Pumps, low-cut, slip-on shoes, developed from the shoes worn at royal courts in Europe in the 1870s and have been popular in a variety of versions ever since. The earliest varieties had thick one-to two-inch heels. But after World War II (1939–45) women embraced ultrafeminine styles and wore pumps with higher, slimmer heels. By the 1950s women teetered on pointy-toed pumps with four-inch-high stiletto heels. But throughout the 1960s and 1970s pumps became more practical for walking, with lower, thicker heels and rounded or squared toes.

The 1980s version of the pump was sleek, featuring a U-shaped throat (the opening for the foot), a pointed toe, and a stiletto heel, resembling the style first popularized in the 1950s. The feminine styling and high heel of the pump contrasted with the masculine styling of the tailored suits women wore to work. The combination came to symbolize women's newfound power on the job. The only problem was that these pumps were terribly uncomfortable. Working women soon began seeking lower-heeled pumps for work. The more casual styles of the 1990s brought thicker heels and squared or rounded toes to pumps made in a variety of fabrics, from stiff leather to elasticized cloth. By the twenty-first century the pointed-toe, stiletto heeled pump had returned to favor.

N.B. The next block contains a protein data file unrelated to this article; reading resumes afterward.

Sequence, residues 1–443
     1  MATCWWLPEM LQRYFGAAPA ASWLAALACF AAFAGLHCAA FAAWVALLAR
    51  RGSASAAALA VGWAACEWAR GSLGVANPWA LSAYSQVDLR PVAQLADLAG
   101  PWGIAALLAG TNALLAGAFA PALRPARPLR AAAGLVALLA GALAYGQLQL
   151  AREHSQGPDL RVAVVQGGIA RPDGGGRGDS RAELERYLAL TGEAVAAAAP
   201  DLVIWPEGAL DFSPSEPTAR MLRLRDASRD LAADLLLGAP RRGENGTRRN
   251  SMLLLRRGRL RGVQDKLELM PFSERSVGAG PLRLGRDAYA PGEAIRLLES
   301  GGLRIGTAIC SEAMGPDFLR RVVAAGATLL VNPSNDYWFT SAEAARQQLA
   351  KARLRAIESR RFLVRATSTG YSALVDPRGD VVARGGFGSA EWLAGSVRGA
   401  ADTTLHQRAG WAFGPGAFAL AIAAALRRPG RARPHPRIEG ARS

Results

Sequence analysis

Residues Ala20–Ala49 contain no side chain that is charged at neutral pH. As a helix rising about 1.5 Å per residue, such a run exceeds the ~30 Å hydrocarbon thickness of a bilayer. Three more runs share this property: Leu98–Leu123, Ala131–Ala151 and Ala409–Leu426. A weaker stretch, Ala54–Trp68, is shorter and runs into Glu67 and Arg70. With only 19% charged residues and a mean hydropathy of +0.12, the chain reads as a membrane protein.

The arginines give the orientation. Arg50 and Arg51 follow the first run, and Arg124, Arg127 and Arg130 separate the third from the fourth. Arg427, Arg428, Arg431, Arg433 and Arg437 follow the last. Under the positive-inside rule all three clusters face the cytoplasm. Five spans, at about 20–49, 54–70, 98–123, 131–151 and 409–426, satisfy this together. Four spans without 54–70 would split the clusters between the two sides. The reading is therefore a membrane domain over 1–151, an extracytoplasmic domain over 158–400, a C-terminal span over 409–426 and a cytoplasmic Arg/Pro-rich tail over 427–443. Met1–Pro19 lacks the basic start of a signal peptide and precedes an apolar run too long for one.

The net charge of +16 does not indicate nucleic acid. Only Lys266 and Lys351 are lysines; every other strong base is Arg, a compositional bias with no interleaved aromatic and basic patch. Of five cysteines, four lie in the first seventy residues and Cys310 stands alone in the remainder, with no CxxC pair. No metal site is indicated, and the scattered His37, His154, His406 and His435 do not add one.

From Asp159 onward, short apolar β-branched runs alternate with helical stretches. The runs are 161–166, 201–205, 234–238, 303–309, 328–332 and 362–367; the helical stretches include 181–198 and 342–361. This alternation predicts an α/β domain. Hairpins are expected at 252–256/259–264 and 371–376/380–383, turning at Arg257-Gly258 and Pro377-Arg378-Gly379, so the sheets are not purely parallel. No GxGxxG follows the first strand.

A brown alligator-skin pump. Pumps have been an essential style of footwear for more than one hundred years. Reproduced by permission of © .


Cosgrave, Bronwyn. The Complete History of Costume and Fashion: From Ancient Egypt to the Present Day. New York: Checkmark Books, 2000.

Lawlor, Laurie. Where Will This Shoe Take You?: A Walk Through the History of Footwear. New York: Walker and Co., 1996.

Pratt, Lucy, and Linda Woolley. Shoes. London, England: V&A Publications, 1999.

[ See also Volume 5, 1946–60: Stiletto Heel ]

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